Record cover of Elisabetta, Regina d’Inghilterra by Gioachino Rossini

About 20 years before Gaetano Donizetti’s operas, Gioachino Rossini also applied himself to bringing Elizabeth I onto the stage. His opera, Elisabetta, Regina d’Inghilterra, was first performed in 1815, based on a 1814 play, Il paggio di Leicester (Leicester’s page). This play by Carlo Federici was in turn based on an English historical novel, The Recess (1785), by Sophia Lee.

In this opera the Duke of Norfolk features prominently. He wants to engineer Leicester’s downfall and tells the queen that Leicester is secretly married (with Matilde, a Scotswoman, and a secret daughter of Mary Queen of Scots, Elizabeth’s great rival). Elizabeth throws both Matilde and Leicester into prison and demands that Matilde agrees to dissolve the marriage, so that she, the queen, can marry Leicester herself. Leicester vehemently rejects this possibility, preferring death over such a dishonourable solution.

Leicester is in prison, waiting for his execution as a traitor, when Elizabeth secretly visits him to help him escape. Norfolk also appears in order to liberate his supposed friend, with the help of the people. However, Leicester declines, once again deciding in favour of honour and death. On hearing this, Norfolk tries to kill Elizabeth, but is soon taken to another part of the prison. In the end, Elizabeth forgives everyone and resolves to banish love from her heart and devote herself to state business henceforward.

The plot of Elisabetta, Regina d’Inghilterra brings to mind certain scenes from Shekar Kapur’s 1998 film, Elizabeth.

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Banquet Massacres

On 7 October 1551, Sir Thomas Palmer came to visit the Earl of Warwick in his garden to deliver “a very fair” gold chain, a chain of office which went with the rank of duke. For only four days later John Dudley, Earl of Warwick, was to become the Duke of Northumberland. “Wherupon,” Palmer, “in my lord’s gardein he declared a conspiracye.” Part of this conspiracy was “a devise … to call th’erl of Warwike to a banket, with the marq[uess] of Northampton and divers other, and to cutte of there heades.”


The Historie of Italie by William Thomas was dedicated to John Dudley, Earl of Warwick, in 1549

This is how the 14-year-old King Edward VI described it in his journal. The banquet massacre was to take place in Lord Paget’s house. Although the Duke of Somerset (the king’s uncle and former Protector of England) did engage in quite a bit of plotting against his de facto successor in government, John Dudley, Earl of Warwick, there can be no doubt that either Palmer or possibly even Warwick himself invented the supposed banquet massacre. Certainly, before any banquet took place, Somerset was arrested and placed in the Tower of London, and beheaded a few months later.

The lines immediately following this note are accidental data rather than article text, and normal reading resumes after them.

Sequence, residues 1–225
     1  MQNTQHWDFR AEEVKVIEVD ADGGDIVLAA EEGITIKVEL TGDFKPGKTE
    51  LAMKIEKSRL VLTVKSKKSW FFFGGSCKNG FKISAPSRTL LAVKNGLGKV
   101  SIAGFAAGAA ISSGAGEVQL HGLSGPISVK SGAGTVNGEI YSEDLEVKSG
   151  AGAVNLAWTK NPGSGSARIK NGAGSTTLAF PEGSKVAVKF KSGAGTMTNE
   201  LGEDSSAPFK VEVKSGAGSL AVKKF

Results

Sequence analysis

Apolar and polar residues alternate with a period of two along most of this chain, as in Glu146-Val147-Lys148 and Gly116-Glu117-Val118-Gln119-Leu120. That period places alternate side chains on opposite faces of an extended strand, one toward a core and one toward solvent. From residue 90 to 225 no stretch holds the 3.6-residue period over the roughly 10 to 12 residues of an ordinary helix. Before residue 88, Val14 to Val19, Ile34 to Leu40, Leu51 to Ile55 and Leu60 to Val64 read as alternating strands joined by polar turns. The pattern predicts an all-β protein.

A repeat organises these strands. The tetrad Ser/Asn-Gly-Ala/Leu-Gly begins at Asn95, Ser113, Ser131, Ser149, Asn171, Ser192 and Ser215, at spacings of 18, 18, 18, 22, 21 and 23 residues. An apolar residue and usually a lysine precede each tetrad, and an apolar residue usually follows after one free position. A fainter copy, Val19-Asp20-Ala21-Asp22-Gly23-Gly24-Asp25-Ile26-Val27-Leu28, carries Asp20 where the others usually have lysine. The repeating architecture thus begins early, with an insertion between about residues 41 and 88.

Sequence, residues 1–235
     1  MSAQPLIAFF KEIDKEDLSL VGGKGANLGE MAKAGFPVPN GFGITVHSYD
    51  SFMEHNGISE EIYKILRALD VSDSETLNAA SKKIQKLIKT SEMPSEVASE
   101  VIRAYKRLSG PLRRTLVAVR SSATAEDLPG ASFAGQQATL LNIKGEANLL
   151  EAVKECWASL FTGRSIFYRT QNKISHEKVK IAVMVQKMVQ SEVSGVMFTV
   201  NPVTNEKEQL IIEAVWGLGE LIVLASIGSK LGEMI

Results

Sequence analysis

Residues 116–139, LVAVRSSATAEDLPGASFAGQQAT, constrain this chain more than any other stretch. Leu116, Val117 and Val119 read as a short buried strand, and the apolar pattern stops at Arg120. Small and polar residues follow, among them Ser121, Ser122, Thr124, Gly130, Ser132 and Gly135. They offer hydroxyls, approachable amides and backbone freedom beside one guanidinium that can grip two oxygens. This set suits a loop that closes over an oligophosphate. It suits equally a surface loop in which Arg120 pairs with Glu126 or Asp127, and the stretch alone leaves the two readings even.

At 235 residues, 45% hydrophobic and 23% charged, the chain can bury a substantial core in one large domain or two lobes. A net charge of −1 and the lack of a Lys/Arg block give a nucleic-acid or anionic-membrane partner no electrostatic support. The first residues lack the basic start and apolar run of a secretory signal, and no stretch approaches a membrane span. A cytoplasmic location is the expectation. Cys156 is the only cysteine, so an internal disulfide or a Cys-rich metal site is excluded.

There had occurred real banquet massacres in Italy, however. The author and literary critic John Addington Symonds wrote in his book Renaissance in Italy: “In 1446 the Canetoli, powerful nobles, who hated the popular dynasty, invited Annibale and all his clan to a christening feast, where they exterminated every member of the reigning house. Not one Bentivoglio was left alive.”

Symonds has more: “It is worthy of notice that very many tyrannicides took place in Church—for example, the murders of Francesco Vico dei Prefetti, of the Varani, the Chiavelli, Giuliano de’ Medici, and Galeazzo Maria Sforza. The choice of public service, as the best occasion for the commission of these crimes, points to the guarded watchfulness maintained by tyrants in their palaces and on the streets. Banquets and festivities offered another kind of opportunity; and it was on such occasions that domestic tragedies, like Oliverotto [da Fermo]’s murder of his uncle and Grifonetto Baglioni’s treason, were accomplished.”

John Dudley, Earl of Warwick, in 1549 had been the dedicatee of William Thomas’ The Historie of Italie. While this book was a rather dry account, Thomas had travelled in Italy himself, staying there for five years, and it is likely that he would have used earlier accounts by Italian historians (such as the chronicles of Giovanni and Matteo Villani, as well as Bernardino Corio) for his own work. (William Thomas also wrote a book on Henry VIII after the king’s death in which he praised all his acts.) It is possible that John Dudley’s circle, to which belonged not just Thomas Palmer, a soldier with an axe to grind with Somerset, but also William Thomas, was well versed in the history of Italy’s courts and tyrannies. At least they would have formed a clichéd opinion of what was typically Italian, like the use of poison, and banquet massacres.

Then there was the Black Dinner of 1440 at Edinburgh Castle: The young Earl of Douglas and his even younger brother (a child) were invited to the court of James II (who was 10) and beheaded after dinner. Perhaps this story was well-known in England, too. Sir Thomas Palmer had served in Somerset’s Scottish wars (where he incidentally made friendship with Master John, an Italian expert on fortifications).